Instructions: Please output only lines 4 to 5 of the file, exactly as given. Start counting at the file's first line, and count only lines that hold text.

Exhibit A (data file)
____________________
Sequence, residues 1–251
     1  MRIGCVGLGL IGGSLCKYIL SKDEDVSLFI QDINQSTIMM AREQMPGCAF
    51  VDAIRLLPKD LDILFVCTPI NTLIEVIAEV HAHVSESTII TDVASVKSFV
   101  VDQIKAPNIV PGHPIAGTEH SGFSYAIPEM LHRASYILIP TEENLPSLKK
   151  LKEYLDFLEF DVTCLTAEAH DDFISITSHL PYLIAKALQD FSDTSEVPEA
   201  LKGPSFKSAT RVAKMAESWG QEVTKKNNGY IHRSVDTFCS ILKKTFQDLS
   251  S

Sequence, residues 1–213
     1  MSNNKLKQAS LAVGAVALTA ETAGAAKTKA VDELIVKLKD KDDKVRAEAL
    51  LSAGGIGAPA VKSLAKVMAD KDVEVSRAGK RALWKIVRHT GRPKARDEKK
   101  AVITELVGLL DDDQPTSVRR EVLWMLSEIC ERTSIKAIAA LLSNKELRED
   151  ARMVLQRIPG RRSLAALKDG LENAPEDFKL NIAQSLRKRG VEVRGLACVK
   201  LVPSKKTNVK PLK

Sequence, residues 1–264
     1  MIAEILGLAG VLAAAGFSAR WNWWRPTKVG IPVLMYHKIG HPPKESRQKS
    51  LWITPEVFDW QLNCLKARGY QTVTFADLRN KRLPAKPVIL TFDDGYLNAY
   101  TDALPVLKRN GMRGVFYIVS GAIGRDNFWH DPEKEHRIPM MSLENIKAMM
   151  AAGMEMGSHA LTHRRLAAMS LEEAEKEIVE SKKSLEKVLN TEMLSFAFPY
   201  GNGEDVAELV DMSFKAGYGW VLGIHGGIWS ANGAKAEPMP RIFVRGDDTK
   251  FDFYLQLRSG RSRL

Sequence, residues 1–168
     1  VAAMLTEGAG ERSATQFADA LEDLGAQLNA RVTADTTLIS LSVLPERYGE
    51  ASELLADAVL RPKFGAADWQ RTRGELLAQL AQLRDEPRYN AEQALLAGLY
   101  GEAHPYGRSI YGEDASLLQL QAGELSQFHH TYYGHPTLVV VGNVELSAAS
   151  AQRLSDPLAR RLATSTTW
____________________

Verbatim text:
   101  VDQIKAPNIV PGHPIAGTEH SGFSYAIPEM LHRASYILIP TEENLPSLKK
   151  LKEYLDFLEF DVTCLTAEAH DDFISITSHL PYLIAKALQD FSDTSEVPEA